In the wake of incidents such as the shooting at Marjory Stoneman Douglas High School on February 14th, our nation – including New Hampshire – has begun to put more emphasis on ways to increase safety in schools. As was recently reported in the Union Leader, the Executive Council increased NH’s budget for security upgrades in schools by $10 million, bringing the total to $30 million. This money will go towards things like metal detectors, window safety film, and security cameras.
As a rising high school senior myself, I am doubtless that this decision is a very strong first step. However, this issue is not one that can simply be solved by investing in extra security measures in school. It is a multifaceted, systemic issue that stems largely from a lack of positive school climate and awareness of mental health issues in children and adolescents. To avoid the security measures being needed in the first place, schools should adopt a curriculum (such as multi-tiered systems of support for behavior [MTSS-B]) that encourages self-care, introspection, and empathy in all students from a very young age.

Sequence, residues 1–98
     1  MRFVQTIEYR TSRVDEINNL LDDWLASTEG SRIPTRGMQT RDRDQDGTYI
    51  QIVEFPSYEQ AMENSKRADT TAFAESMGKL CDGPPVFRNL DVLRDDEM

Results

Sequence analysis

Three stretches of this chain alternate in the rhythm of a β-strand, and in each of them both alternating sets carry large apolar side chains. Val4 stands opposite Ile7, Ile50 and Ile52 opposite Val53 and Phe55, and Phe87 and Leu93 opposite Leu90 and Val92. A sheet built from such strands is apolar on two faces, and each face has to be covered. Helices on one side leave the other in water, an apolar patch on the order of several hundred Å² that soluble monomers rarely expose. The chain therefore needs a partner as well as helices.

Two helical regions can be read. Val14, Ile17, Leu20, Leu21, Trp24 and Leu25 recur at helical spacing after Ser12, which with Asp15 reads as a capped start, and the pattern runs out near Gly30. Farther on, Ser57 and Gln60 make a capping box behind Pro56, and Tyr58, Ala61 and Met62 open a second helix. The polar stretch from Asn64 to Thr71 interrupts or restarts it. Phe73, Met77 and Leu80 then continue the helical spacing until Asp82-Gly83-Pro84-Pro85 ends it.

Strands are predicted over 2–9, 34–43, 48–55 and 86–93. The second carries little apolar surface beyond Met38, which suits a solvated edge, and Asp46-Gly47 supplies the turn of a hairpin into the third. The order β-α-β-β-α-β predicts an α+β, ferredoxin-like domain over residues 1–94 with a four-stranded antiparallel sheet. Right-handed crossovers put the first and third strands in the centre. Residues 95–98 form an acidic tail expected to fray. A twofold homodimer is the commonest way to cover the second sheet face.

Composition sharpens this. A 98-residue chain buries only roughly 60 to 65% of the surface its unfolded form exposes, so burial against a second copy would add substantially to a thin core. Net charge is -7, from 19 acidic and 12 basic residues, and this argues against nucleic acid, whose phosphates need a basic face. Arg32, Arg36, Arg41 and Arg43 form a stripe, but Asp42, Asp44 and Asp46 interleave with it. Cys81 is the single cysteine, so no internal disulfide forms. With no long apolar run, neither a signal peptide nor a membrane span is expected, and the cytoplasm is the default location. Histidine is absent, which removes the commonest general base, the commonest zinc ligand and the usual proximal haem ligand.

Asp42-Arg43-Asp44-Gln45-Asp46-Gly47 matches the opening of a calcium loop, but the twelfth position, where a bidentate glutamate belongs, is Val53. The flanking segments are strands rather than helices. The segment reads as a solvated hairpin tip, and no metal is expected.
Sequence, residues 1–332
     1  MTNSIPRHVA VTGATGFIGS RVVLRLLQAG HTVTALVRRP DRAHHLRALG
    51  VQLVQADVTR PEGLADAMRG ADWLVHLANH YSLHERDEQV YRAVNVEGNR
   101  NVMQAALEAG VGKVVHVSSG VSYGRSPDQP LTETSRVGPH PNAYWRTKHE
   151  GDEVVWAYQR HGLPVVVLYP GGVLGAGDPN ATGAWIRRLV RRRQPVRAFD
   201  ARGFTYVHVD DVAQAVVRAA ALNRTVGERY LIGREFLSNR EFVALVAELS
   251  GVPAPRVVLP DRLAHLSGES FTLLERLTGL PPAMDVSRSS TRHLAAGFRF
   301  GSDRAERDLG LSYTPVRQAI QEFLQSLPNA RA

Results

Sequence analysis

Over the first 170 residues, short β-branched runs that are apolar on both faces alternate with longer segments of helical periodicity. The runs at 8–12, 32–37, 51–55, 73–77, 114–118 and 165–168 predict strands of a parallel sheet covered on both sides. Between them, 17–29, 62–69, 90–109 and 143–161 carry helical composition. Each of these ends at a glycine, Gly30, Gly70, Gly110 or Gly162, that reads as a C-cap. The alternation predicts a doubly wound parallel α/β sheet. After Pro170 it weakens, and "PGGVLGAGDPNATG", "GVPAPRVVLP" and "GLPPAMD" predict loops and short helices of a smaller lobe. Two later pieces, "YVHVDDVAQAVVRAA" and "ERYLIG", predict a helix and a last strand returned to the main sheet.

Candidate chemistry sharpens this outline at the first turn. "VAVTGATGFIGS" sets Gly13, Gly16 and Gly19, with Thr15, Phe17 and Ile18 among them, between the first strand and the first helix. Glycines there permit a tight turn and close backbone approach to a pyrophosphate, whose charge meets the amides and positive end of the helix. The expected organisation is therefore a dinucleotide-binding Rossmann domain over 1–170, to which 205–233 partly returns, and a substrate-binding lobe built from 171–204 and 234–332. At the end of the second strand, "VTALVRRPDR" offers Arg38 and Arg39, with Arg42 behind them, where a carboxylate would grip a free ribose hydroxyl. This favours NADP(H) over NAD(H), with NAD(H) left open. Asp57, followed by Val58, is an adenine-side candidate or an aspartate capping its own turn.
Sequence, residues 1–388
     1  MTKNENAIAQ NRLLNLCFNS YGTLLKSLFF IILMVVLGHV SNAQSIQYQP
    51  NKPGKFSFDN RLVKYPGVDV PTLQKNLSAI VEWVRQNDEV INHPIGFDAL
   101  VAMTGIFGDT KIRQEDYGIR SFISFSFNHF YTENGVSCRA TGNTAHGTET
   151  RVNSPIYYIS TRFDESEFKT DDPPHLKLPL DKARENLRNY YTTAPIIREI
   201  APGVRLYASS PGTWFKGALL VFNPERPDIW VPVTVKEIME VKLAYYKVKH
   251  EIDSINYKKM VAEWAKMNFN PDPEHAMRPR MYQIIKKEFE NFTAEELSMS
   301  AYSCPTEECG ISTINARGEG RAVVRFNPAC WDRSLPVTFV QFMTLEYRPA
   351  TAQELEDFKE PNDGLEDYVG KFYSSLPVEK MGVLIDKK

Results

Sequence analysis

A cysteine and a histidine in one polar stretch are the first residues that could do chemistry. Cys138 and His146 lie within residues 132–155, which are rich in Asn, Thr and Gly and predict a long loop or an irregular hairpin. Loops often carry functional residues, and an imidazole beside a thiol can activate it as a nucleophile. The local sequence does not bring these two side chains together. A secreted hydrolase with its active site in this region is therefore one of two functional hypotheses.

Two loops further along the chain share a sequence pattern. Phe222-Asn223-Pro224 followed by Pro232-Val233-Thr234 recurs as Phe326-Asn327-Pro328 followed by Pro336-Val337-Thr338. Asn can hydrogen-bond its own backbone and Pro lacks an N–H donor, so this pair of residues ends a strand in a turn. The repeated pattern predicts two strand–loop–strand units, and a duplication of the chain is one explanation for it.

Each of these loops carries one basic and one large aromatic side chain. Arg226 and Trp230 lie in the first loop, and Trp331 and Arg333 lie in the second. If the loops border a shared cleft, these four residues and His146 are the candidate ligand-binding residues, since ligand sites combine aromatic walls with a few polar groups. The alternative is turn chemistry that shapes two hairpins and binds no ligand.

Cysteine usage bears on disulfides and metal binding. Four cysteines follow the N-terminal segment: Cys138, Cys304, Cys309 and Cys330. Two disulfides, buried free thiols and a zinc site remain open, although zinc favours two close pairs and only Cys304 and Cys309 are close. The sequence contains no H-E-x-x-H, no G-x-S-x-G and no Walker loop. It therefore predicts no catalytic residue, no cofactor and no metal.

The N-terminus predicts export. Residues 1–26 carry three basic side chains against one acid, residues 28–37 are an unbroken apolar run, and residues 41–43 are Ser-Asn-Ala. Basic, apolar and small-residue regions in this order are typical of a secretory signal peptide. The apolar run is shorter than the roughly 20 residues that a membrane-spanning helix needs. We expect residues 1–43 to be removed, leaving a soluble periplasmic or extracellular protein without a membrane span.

Implementations of preventative programs would be a massive help in reducing tragedies such as these mass shootings or children driven to suicide by bullying, such as the 11-year-old girl from Manchester who took her life last month. I urge our politicians and educators to push for this imperative change in curriculum for the sake of a safe and healthy learning environment for all students.